Some Remains Of US Sailors Recovered From USS John S McCain

news
Damage to the port side is visible as the guided-missile destroyer USS John S. McCain (DDG-56) steers towards Changi Naval Base, Republic of Singapore on Aug. 21, 2017.
Photo via DoD

"Some remains" of the 10 sailors who went missing on Aug. 21 aboard the USS John S. McCain following a collision have been recovered, the Pacific Fleet confirmed in a press conference  Tuesday.


Adm. Scott Swift, the commander of U.S. Pacific Fleet, said “some remains” have been found in a compartment by Navy and Marine Corps divers. Additionally, the Malaysian navy has recovered “potential remains,” but it was unclear if those remains were one of the missing U.S. sailors.

Swift confirmed that search-and-recovery operations are still ongoing.

On Monday, the Yokosuka-based guided-missile destroyer was involved in a collision with a merchant vessel while in transit to Singapore. "John S. McCain sustained significant hull damage that resulted in flooding to nearby compartments, including crew berthing, machinery and communications rooms," the Navy confirmed in a statement. "Damage control efforts by the crew halted further flooding at sea."

Task & Purpose will continue to update this story as we learn more.

Army recruiters hold a swearing-in ceremony for over 40 of Arkansas' Future Soldiers at the Arkansas State Capital Building. (U.S. Army/Amber Osei)

Though the Army has yet to actually set an official recruiting goal for this year, leaders are confident they're going to bring in more soldiers than last year.

Maj. Gen. Frank Muth, head of Army Recruiting Command, told reporters on Wednesday that the Army was currently 2,226 contracts ahead of where it was in 2019.

"I will just tell you that this time last year we were in the red, and now we're in the green which is — the momentum's there and we see it continuing throughout the end of the year," Muth said, adding that the service hit recruiting numbers in February that haven't been hit during that month since 2014.

Read More
(U.S. Marine Corps photo)

Editor's Note: The following is an op-ed. The opinions expressed are those of the author, and do not necessarily reflect the views of Task & Purpose.

We are women veterans who have served in the Army, Navy, and Marine Corps. Our service – as aviators, ship drivers, intelligence analysts, engineers, professors, and diplomats — spans decades. We have served in times of peace and war, separated from our families and loved ones. We are proud of our accomplishments, particularly as many were earned while immersed in a military culture that often ignores and demeans women's contributions. We are veterans.

Yet we recognize that as we grew as leaders over time, we often failed to challenge or even question this culture. It took decades for us to recognize that our individual successes came despite this culture and the damage it caused us and the women who follow in our footsteps. The easier course has always been to tolerate insulting, discriminatory, and harmful behavior toward women veterans and service members and to cling to the idea that 'a few bad apples' do not reflect the attitudes of the whole.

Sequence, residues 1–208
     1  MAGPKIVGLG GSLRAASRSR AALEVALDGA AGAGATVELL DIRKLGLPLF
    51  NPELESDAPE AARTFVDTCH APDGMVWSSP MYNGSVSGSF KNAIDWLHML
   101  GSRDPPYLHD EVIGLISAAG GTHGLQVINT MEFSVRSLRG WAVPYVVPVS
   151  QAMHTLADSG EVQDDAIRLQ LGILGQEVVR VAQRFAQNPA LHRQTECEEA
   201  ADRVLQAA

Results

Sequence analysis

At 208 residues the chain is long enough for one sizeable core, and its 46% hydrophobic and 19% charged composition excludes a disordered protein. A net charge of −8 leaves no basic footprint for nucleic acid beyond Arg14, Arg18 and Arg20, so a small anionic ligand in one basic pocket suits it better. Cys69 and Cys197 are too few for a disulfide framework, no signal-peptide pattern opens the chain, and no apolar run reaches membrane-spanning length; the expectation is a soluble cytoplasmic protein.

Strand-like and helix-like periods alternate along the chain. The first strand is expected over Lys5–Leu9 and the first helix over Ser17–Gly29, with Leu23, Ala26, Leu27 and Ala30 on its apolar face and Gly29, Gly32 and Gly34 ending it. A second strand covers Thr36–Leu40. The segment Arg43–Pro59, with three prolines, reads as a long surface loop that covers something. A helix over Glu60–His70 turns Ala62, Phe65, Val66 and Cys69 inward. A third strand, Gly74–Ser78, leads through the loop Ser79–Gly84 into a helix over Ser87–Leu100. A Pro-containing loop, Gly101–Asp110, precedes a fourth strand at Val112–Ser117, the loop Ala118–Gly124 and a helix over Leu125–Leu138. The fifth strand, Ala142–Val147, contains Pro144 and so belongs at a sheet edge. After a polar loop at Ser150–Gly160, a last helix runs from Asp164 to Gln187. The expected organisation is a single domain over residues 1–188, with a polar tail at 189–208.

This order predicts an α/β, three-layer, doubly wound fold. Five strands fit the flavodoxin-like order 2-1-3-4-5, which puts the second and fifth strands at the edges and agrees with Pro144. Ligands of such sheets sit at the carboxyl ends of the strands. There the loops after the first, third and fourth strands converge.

Recent allegations that Secretary of Veterans Affairs Robert Wilkie allegedly sought to intentionally discredit a female veteran who reported a sexual assault at a VA medical center allow no such pretense.

Read More
In this June 16, 2018 photo, Taliban fighters greet residents in the Surkhroad district of Nangarhar province, east of Kabul, Afghanistan, (AP Photo/Rahmat Gul)

KABUL/WASHINGTON/PESHAWAR, Pakistan (Reuters) - The United States and the Taliban will sign an agreement on Feb. 29 at the end of a week long period of violence reduction in Afghanistan, U.S. Secretary of State Mike Pompeo and the Taliban said on Friday.

Read More
A U.S. Army UH-60L Black Hawk crew chief with the New Jersey National Guard's 1-171st General Support Aviation Battalion stands for a portrait at the Army Aviation Support Facility on Joint Base McGuire-Dix-Lakehurst, N.J., Feb. 3, 2020 (Air National Guard photo / Master Sgt. Matt Hecht)

Active-duty service members, Reservists and National Guard members often serve side-by-side performing highly skilled and dangerous jobs, such as parachuting, explosives demolition and flight deck operations.

Reservists and Guard members are required to undergo the same training as specialized active-duty troops, and they face the same risks. Yet the extra incentive pay they receive for their work — called hazardous duty incentive pay — is merely a fraction of what their active-duty counterparts receive for performing the same job.

A bipartisan group of lawmakers, led by U.S. Rep. Andy Kim, D-3 of Moorestown, are partnering on legislation to correct the inequity. Known as the Guard and Reserve Hazard Duty Pay Equity Act, the bill seeks to standardize payment of hazardous duty incentive pay for all members of the armed services, including Reserve and National Guard components.

Read More
A screen grab from a YouTube video shows Marines being arrested during formation at Camp Pendleton in July, 2019. (Screen capture)

Editor's Note: This article by Gina Harkins originally appeared on Military.com, a leading source of news for the military and veteran community.

Another Marine was hit with jail time and a bad-conduct discharge in connection with a slew of arrests made last summer over suspicions that members of a California-based infantry battalion were transporting people who'd crossed into the U.S. illegally.

Read More